Voice Module








In Memory
Sean Pettibone

The latest release from JoWood games gives PC gamers the chance to ride behind the wheel of the most advanced hot rods found on the streets…of the year 2374 AD, that is. Beam Breakers takes the driving simulator to a whole new level, putting you in control of a gravity defying 'roadster', winding your way through the mega-opolis of the futuristic version of New York City (now called Neo York). Though not the most original gameplay to be seen within the driving genre, the locations, settings, graphics and situations that can be found within the playing field of Beam Breakers truly makes this particular title stand out as a gem.

For those familiar the some of the sci-fi films that have been popular over the past 10 years or so, Beam-Breakers has a style that is very similar to the futuristic scenes found in such films as 'The Fifth Element', 'Back To the Future II', and 'Blade Runner'. Players control vehicles with anti-grav units, allowing them to traverse the skyways between the mile high towers that make up Neo York City. As a member of a 'beam breaker' street gang, players get the chance to race other gravity-defying vehicles from other gangs, steal cars, outrun police cruisers, wreak havoc among businesses, and last but not least…deliver pizzas. Did we forget that the 'skyways' above and below you are filled to the brim with slow moving and angry motorists just itching to take you out with a slight nudge of their bumpers? Who ever said that the distant future was going to be a nice one?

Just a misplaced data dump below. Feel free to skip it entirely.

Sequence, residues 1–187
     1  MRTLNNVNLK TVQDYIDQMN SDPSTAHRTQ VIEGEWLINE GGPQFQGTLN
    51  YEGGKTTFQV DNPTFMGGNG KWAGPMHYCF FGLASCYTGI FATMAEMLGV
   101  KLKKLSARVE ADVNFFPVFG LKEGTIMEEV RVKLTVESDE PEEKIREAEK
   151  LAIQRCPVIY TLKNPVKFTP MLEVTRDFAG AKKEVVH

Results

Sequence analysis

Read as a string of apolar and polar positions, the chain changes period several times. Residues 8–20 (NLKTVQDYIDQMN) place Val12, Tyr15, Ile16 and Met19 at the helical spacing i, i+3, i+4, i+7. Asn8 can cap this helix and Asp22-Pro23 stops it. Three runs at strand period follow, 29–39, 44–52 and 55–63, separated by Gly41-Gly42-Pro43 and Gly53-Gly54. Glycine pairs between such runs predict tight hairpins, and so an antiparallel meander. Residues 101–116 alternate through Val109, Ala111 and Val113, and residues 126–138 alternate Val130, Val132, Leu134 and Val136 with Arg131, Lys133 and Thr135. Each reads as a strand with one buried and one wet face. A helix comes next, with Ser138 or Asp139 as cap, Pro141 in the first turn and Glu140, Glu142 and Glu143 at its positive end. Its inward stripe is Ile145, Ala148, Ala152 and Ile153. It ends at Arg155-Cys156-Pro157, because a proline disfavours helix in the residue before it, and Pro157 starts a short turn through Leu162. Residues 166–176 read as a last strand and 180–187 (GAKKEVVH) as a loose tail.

Overall, Beam Breakers turned out be a very interesting title to play. A cross between Crazy Taxi and the classic off-beat driving game Biohazard, Beam Breakers takes a similar approach, allowing for a gameplay style that isn't completely absorbed in the mechanics of the vehicle. That in itself is a good thing, since we here at The Laser aren't too familiar with anyone that has ever driven a car from the 24th century, or is at least willing to own up to the fact. Beam Breakers consists of a 3-D driving field, allowing players to not only move forward and backwards and side to side as in more traditional driving sims, but vertically as well (thanks to the car's anti-grav unit). With that in mind, players not only have to worry about cars and other obstacles on their current plane of movement, but on other levels as well. The controls for the vehicle are simplistic, allowing players to control the vehicle with a simple game pad for the most articulate form of play. Forward and reverse thrusters (doubling as a breaking control), turbo power, and an anti-grav cut-off switch (allowing for a quick freefall) make up the four main buttons players have to access, with the remaining pad controls left to pitch and side to side movements. Again, Beam Breakers controls are simple to set up within the options control menu and even simpler to learn for even the most novice of game players.